There are many people who start to dream of moving away from the city and into the suburbs. While this idea is not a bad one, there are few homeowners that go about it in a smart way. Many look back on their own childhoods and look for neighborhoods that appear to replicate that feeling.
However, finding the perfect neighborhood to grow old in and possibly raise children in goes far beyond the neighborhood looking good.
People always have a huge list of what they want in their new home and what they would like to avoid. They do not often consider the neighborhood until after they have already fallen for the perfect house. It is important to get a house that meets all the right criteria, but it is equally important for the neighborhood to match the needs of the homeowner, as well.
Some make the mistake of only looking in towns that sound familiar. Towns and neighborhoods that are talked about frequently may be wonderful places to live for their current residents but that does not mean it will fit the needs of every homeowner.
Which means that buyers should research the town. Visit areas like parks and stores, or hang out in their local food areas. This can give a homeowner a better idea of how the neighbors treat each other. Buyers with kids who are looking for a neighborhood full of children should visit the parks on days that children would be there. If they are empty the neighborhood does not likely have couples with children. It is all about seeing if the rest of the neighbors will fit in with the vision of the neighborhood.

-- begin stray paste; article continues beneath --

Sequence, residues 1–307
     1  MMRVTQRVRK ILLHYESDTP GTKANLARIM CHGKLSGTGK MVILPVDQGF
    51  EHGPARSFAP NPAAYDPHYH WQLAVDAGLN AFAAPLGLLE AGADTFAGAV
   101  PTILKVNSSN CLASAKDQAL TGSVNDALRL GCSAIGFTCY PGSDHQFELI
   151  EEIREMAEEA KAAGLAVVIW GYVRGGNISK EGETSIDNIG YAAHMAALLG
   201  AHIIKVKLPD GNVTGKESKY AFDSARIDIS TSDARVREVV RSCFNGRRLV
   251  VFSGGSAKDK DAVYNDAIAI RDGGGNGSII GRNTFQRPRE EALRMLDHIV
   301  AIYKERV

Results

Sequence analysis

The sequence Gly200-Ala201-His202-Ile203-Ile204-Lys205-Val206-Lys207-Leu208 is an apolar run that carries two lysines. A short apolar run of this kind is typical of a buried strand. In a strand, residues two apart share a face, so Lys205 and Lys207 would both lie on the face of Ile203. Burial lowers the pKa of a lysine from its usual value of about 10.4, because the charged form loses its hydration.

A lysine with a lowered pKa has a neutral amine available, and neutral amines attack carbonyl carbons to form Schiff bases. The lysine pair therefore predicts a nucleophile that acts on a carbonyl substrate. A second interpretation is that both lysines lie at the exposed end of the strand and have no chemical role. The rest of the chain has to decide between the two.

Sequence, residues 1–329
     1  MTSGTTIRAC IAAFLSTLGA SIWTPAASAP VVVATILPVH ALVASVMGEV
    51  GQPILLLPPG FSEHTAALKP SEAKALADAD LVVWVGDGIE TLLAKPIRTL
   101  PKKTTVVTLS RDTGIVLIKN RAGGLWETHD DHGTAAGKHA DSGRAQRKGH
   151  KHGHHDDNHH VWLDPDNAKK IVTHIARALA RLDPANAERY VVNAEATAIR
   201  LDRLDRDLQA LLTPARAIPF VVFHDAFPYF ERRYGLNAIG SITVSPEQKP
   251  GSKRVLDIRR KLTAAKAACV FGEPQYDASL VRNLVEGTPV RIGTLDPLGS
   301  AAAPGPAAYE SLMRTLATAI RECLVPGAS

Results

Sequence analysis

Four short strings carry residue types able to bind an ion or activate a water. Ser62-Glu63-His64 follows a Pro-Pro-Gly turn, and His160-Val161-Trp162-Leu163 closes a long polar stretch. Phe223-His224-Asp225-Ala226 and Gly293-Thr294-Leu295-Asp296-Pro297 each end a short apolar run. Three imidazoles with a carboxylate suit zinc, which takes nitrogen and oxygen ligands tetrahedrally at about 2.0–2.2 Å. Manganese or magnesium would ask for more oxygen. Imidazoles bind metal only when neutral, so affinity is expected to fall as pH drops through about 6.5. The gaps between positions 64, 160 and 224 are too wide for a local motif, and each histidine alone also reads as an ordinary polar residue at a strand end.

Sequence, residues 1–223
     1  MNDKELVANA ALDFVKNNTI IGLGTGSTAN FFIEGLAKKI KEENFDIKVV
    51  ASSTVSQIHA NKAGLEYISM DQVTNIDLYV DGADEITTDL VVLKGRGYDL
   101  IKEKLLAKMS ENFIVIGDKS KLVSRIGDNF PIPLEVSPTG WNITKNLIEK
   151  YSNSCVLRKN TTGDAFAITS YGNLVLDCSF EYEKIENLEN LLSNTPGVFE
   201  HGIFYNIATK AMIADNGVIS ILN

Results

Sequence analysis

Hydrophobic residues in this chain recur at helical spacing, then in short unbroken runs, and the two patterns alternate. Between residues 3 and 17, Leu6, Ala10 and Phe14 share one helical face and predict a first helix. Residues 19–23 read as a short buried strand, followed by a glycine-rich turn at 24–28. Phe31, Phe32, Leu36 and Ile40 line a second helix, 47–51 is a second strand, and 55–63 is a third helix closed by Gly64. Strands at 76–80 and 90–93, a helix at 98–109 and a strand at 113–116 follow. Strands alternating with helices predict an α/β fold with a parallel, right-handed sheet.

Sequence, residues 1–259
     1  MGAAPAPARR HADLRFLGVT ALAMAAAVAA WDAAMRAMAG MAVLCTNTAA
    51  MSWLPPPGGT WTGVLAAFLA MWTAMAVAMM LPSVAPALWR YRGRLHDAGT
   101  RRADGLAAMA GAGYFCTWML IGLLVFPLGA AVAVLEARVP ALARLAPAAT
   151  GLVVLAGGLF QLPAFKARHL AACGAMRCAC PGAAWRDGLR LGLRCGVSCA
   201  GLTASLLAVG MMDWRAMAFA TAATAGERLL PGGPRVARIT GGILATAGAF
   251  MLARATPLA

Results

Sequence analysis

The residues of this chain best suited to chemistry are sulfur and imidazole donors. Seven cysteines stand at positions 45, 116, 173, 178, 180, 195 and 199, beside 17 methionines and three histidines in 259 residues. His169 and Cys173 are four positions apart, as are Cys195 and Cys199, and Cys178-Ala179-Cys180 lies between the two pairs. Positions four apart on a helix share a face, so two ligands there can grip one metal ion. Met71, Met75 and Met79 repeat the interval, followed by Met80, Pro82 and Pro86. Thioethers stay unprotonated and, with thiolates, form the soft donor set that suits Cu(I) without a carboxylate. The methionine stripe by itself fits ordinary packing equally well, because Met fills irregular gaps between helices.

Buyers get excited over a good school district. After all, no parent wants to send their child to a bad school.
However, school district rating systems rely heavily on standardized testing. Even though a school may score well it does not mean it is teaching the students necessary lessons beyond what is on the standardized test.
Parents will also want to see what type of programs the schools have. Art, music, physical education, sports, after-school programs, and before school programs are all important. Programs that act as a center for school-aged children can help those parents that have work schedules that do not match a school schedule.
People always focus on the time it takes to get from their home to work. The time frame is important if one neighborhood is two hours away and another is only thirty minutes away. However, if there are instances where there is only a few minutes difference then you should look a little closer.
The best way to know if the commute will work is to drive it during the time you would be commuting to and from work. Choose the busy times of the day to go through the commute to see just how annoying it is. Check out public transport and see if they have an on-time schedule. If public transport is frequently behind, it may show that traffic is frequently delayed during busy times.
A school district is important but so is the daycare that will take care of the child while they are not in school. Hot neighborhoods may have a wide variety of options, but they are likely already full. Check out the waiting lists for the well-rated daycare centers, babysitters, or even au pairs. Moving to a new location and not having childcare can be a stressful situation.
Always vet the neighborhood when looking at houses. The neighborhood is something that a person cannot change. A house can be renovated but that annoying neighbor down the street is there to stay. Learn more about the neighbors, local shops, and transportation before committing to a house.